No need for ml, sureg, dirilichet, etc. Just plain old OLS will
produce this result when you have a complete set of share variables
as the dependent variables and a common set of regressors. A number
of econometrics textbooks treat this case. Think about it: if you
have, say, three dep.vars. which always add up to one in the data,
write down those three equations and add them up. The estimated
coeffs. on each of the X variables MUST sum to zero, since a change
in X must cause reallocation among the y variables (unless, e.g., the
dep vars. are portfolio shares, and one of the regressors is total
wealth; then the coeffs, must sum to one). So must the sum of the
three regression residuals FOR EVERY OBS., which implies that the
rank of the residual matrix must not be full.
Here's a numerical illustration:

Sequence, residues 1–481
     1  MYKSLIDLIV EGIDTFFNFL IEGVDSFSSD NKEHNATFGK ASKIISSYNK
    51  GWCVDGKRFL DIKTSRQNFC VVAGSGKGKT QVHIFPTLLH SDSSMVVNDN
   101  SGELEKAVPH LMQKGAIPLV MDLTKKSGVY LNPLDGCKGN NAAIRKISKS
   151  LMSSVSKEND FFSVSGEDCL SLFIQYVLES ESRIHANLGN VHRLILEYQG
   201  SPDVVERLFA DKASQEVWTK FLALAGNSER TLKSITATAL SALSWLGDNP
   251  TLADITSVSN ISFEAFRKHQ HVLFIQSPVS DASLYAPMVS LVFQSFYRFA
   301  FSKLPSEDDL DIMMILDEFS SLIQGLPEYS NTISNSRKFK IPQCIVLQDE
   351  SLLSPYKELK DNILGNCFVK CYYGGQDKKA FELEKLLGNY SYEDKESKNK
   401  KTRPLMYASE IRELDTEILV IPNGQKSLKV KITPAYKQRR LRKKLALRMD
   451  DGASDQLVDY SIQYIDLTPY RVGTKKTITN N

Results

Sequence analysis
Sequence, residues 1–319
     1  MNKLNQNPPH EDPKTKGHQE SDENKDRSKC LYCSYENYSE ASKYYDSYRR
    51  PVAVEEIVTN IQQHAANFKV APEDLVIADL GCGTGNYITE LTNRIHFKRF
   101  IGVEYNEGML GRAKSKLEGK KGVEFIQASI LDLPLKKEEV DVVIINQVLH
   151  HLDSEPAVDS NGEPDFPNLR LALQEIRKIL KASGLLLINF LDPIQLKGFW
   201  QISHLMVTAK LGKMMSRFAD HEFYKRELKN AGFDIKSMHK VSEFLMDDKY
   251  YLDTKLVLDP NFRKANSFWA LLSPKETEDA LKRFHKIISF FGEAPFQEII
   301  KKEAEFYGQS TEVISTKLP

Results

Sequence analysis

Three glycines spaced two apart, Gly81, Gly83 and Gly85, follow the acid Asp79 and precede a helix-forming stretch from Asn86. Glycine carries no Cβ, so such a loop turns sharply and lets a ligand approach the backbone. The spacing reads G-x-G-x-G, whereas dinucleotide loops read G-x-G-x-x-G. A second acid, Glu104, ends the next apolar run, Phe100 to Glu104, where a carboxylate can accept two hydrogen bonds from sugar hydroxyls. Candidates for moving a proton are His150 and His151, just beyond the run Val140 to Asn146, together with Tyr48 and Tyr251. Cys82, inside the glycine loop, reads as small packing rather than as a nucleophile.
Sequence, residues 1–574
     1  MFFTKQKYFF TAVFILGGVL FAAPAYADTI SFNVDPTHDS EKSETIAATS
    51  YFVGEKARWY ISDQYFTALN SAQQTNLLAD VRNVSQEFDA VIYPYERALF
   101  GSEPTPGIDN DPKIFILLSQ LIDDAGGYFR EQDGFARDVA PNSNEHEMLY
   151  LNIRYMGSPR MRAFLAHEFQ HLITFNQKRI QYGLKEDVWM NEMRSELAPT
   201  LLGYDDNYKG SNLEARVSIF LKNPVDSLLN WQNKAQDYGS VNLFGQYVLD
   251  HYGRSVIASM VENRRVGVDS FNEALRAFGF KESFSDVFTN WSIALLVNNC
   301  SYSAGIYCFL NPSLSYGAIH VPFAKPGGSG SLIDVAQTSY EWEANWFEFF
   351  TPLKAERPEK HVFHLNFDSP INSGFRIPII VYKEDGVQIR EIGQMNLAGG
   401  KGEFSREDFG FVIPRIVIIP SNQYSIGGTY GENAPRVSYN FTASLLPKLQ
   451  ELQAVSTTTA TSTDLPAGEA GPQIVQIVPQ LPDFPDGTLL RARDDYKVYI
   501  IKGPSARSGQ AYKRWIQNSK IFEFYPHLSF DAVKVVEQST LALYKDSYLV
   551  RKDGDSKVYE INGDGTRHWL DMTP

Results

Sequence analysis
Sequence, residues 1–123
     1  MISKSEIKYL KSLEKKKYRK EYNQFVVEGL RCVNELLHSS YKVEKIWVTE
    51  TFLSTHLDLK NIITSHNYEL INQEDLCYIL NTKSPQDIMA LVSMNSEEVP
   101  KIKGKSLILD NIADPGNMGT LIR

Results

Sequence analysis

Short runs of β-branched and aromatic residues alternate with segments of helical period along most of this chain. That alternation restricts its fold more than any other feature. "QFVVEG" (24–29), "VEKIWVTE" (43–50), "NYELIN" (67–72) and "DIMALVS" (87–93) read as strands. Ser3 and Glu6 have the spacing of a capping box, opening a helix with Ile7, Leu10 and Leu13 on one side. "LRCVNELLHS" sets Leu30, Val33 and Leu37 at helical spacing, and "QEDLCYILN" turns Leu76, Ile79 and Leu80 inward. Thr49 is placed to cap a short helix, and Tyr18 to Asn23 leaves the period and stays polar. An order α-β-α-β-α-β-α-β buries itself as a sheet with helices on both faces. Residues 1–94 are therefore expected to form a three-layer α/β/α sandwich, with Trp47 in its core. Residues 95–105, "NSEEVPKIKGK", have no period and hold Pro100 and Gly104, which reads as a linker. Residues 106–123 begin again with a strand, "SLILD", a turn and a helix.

clear
set obs 100
g double p1=0.4*uniform()
g double p2=0.3*uniform()
g double p3=1-p1-p2
g x1=uniform()
g x2=log(uniform())
g x3=x1^2
qui reg p1 x1 x2 x3
predict double p1h
qui reg p2 x1 x2 x3
predict double p2h
qui reg p3 x1 x2 x3
predict double p3h
g double phats = p1h+p2h+p3h
su
Notice that the phats series is a vector of ones.
Kit Baum, Boston College Economics
http://ideas.repec.org/e/pba1.html
On Jun 2, 2006, at 2:33 AM, Giovanni wrote:
i am asking your advice on how to estimate a system of equations in
the
presence of an adding-up contraint.
My problem is perhaps similar to that tackled by Poi (2002), SJ, 2(4):
403-410, but I'm not sure how far I can stretch the comparison,
and would like to avoid shooting at a fly using a cannon.
Here are the details of my problem.
The dependent variables are relative frequencies: pi_1, pi_2, ...,
pi_7,
which sum up to one.
I need to estimate the *same* model for each pi_i (i = 1,...7). The
model is
linear and simple enough:
pi_i = alpha_i + beta1_i * X1 + ... + betak_i * Xk (i=1,...,7)
The difficulty is that I want to obtain predicted values that add
up to one.
*
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